Friday, October 10, 2008

A Visit to William Shakespeare's (New) Place

When DH and I visited London recently, I just had to see the Globe Theatre, the home of William Shakespeare’s company. The Globe we visited is actually the third Globe Theatre, built a few hundred yards from the foundation of the original.

The current reconstruction of the Globe was the brainstorm of American actor/director Sam Wanamaker. On a visit to London in 1949, he was disappointed to find that there was no great memorial to Shakespeare at the site. He started a foundation and spearheaded the rebuilding of a new Globe. Sam Wanamaker died in 1993 while the construction was underway. The building was completed in 1997.

We enjoyed the play, The Merry Wives of Windsor from the upper balcony. We had great seats, facing the stage. In the lobby, theatre volunteers were renting seat cushions for one pound each. We decided it might be a good idea to rent them. Good move. The theatre is generally a historically-accurate recreation of the original Globe, which means you sit on tiny wooden seats in the open-air theatre. But it was worth it! The play was fantastic and a very fun experience.

Two school groups were sitting in the lower area near the stage. They looked like they had come straight from Hogwarts, minus the robes, but with navy blazers and ties for boys and girls.

Tours of the Globe are held in the morning, so DH graciously accompanied me back to the Globe (the only site we visited twice during our trip) for the next morning’s tour. The theatre is in the Southwark neighborhood, across the Thames River. I pronounced it South-wark (in my Southern accent) until I heard the message on the Underground announce we were approaching Southwark station (pronounced Su-therk as in Southern with a K at the end instead of an N).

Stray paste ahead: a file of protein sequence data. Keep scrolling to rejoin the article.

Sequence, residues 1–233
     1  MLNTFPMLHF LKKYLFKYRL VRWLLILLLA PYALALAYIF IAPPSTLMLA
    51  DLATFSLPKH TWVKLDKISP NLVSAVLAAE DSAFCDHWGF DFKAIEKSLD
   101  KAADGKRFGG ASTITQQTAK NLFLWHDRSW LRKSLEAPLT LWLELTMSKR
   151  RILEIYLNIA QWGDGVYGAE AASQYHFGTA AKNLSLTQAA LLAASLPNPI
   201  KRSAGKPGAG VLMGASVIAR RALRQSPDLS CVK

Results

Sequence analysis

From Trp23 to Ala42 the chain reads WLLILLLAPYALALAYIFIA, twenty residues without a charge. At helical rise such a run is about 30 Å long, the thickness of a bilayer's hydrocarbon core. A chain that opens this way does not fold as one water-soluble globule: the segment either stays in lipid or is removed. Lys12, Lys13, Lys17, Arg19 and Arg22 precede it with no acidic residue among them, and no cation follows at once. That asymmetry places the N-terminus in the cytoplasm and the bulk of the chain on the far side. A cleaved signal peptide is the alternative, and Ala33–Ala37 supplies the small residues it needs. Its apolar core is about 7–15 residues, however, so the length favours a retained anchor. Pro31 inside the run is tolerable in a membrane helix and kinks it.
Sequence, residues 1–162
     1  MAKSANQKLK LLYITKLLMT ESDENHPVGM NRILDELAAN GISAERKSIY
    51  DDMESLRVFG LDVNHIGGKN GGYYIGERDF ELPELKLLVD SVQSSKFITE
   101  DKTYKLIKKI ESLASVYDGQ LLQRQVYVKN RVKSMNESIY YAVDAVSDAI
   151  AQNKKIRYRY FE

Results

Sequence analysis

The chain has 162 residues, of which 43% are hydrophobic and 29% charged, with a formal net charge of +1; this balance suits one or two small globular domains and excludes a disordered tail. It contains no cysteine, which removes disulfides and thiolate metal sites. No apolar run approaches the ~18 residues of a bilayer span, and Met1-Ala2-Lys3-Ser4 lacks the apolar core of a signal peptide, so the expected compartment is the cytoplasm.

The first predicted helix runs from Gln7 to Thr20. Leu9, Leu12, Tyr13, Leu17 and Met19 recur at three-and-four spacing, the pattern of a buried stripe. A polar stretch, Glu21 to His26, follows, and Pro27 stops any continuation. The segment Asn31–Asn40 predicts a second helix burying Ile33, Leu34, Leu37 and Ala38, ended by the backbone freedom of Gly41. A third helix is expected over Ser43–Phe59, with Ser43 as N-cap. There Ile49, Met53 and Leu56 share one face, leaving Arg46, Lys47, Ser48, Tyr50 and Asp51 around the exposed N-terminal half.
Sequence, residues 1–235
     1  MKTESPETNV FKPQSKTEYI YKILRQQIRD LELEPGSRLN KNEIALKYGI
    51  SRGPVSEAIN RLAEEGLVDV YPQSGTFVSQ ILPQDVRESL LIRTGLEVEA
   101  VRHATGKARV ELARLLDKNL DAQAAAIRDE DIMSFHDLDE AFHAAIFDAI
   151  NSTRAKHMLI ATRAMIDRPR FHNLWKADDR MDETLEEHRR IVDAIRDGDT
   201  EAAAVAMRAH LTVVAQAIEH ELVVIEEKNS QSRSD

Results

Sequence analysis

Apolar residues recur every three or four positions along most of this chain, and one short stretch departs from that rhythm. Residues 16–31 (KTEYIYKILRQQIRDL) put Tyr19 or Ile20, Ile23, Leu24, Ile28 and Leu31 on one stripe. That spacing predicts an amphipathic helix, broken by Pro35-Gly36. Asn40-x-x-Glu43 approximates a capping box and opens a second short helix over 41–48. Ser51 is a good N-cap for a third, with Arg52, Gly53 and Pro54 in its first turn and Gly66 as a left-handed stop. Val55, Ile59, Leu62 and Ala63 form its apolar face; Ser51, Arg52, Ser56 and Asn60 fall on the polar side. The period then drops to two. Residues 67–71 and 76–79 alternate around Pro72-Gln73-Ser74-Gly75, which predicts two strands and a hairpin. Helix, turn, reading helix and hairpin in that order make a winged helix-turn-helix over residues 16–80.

The first Globe Theatre was built in 1599 and stood for 14 years until a fire started by a cannon fired during a production of Henry VIII caused the entire structure to burn to the ground. The second Globe was built in 1613 with a tiled roof. William Shakespeare died two years after this Globe was built. The Globe met its demise in 1642 when the Puritan government closed and demolished all theatres calling them “nests of the devil”.

I’ll stop for now, but more on the Globe’s original theatre patrons later.


Shauna Roberts said...

Fascinating post!

You should tell Travis Erwin at about it so he can list it on his My Town Monday posts. (They don't actually have to be about one's own town.)

One thing I regret about modern performances of Shakespeare's plays is that they leave out all the music. Did they have musicians for the play you saw, or was it done in the modern style?

It always reminds me how ancient place names in England are when I hear how far their pronunciations have mutated from their spellings.

Rae Ann Parker said...

Hi SHAUNA. The musicians were dressed in costume and played instruments that looked authentic to me. The program I purchased said the sounds produced by the musicians were very similar to those heard 400 years ago at the original productions. Very cool.

I do hope to do some My Town posts about Nashville. I have some ideas, just need to sit down and write them up. Thanks for the suggestion.